Another interesting feature of 1920s weddings is that bridesmaids sometimes wore veils! This can make it difficult to distinguish the bride in photos.



1922 Princess Mary’s bridesmaid veils

Nancy Davidson chose veils of primrose-coloured net for her bridesmaids to tone with their primrose coloured chiffon dresses fastened with blue sashes. They carried bouquets of blue delphiniums. I was delighted to have found these descriptions. Black and White photos look so drab and give no impression of the colours.


Sheffield IndependentThursday 20 June 1929

Winifred Griffiths also favoured blue as a colour. Her bridesmaids wore blue  satin dresses with head dresses of blue net fastened with wreaths of forget me nots.


Buckingham Advertiser and Free PressSaturday 25 May 1929


In the 1920s bridesmaids did sometimes wear white veils which were very similar to the bride. While in modern times a bridesmaid is expected to assist the bride, her duties were regarded as of a more serious nature in earlier days. A custom once existed where maidens dressed similarly to the bride would accompany her as her protectors on her way to the groom’s village. This would deflect spurned suitors from kidnapping the bride or from stealing her dowry. Roman law once required witnesses to come to weddings in order to confuse evil spirits as to the identity of the bride and groom. This meant that female wedding attendants came to a marriage ceremony in garments very similar to the bride’s, This supposedly threw off bad luck that could be directed towards an easily identifiable bride and groom. In the 1920s it seems to be more of a case of fashion being influenced by the past than superstition influencing fashion.

Bandeau Headpieces


During the first half of the 1920s women wore decorative bands across the forehead with evening and party dresses and this head decoration was reflected in bridal headpieces. Bridal Fashion introduced Bandeau headdresses in the later 1920s.



Derby Daily TelegraphFriday 07 December 1928 

However clearly this Derbyshire vicar had strong views on `Modern Wedding Attire’. I’m therefore sure that Lady Edith would have kept her veil on for her wedding and not just worn a bandeau.



Flower girls – mob caps and dutch caps

There was also a fashion to have young flower girls in addition to bridesmaids. Little girls carrying flower baskets might wear puff-sleeved dresses and mob caps, emulating  the historical Kate Greenaway style.


Western Daily PressMonday 24 June 1929





1927 Wedding Louisa George

Not only the small flower girls, but also the chief bridesmaid is wearing a simple mob cap at this wedding. I must admit they look like  shower caps to me!


Western Morning NewsWednesday 11 June 1924


1926 Edith Amelia Polglass Wedding


1925  I much prefer the flower girls bonnets chosen by Dorothy Jones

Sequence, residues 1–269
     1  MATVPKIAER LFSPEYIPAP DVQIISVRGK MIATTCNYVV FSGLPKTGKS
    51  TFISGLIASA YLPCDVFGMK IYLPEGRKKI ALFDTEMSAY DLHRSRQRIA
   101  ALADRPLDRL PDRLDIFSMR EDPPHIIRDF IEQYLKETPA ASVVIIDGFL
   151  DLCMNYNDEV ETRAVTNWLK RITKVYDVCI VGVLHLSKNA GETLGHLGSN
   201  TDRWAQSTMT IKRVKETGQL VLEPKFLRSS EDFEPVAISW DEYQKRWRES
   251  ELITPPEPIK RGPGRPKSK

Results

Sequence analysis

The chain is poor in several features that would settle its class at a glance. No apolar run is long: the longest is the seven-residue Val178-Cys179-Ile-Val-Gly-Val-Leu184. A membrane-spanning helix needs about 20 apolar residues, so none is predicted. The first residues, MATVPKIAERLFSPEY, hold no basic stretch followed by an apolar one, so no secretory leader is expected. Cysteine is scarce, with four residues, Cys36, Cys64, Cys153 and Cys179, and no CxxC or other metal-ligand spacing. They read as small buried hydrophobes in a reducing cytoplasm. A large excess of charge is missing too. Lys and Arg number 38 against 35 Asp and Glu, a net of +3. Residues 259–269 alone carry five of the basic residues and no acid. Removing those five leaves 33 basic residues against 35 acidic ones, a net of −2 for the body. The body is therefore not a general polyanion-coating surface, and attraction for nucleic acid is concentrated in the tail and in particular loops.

Dutch Caps

Another distinctive bridesmaids head wear was the wired cap with horizontal wings that resembled a Dutch head-dress. This style looks like a fashion faux pas to me. However Edwina Ashley chose Dutch caps for her bridesmaids dresses when she married Louis Mountbatten so maybe I’m missing something!


Western Morning NewsTuesday 18 July 1922







Western Morning NewsTuesday 13 December 1927 

Hopefully I have given a few clues to identifying 1920s wedding photos from the headgear worn.  Next time I will be looking at the dresses themselves.


1922 Double wedding of siblings William and Jane Pomfret




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Victorian Florist-Gardeners

Victorian Epergne

The Victorian Era turned away from the elegance of the Georgian Era and brought houses jam-packed full of clutter. From simplicity and elegance we moved to richness and opulence. At no other time had flowers and foliage been used in such abundance.

Victorian Gardens

The Victorian’s love of order and control influenced a more formal style of gardening. Bedding schemes with plants laid out in rows and colour patterns were seen as the height of style in the mid 19th century. Mid Victorians liked brilliant-hued flowers and strong colour contrasts rather than harmonious colour schemes. Garden design was brash and bold. With the rise of the middle classes and their neat suburban villas, this ‘bedding boom’ reached even the small suburban garden with brash displays in island beds placed right in the middle of lawns.

Waddesdon Victorian Bedding

The removal of tax on glass in 1845 meant that there was an increase in the building of glasshouses and conservatories which coincided with growing and collecting of exotic, tender plants.

Plant hunters and the Wardian Case

The entire 19th century was a period of great enthusiasm for flowers, plants and gardening.  People became avid collectors of certain plants, specializing in popular plants such as geraniums, fuchsias and camellias. A whole range of plants which had never been seen before were introduced. These included South African Gladiolus,  Mexican dahlias, nasturtiums, azaleas, camellias, tree peonies, roses from China, chrysanthemums and fuchsia.  It was the Era of ferns and houseplants.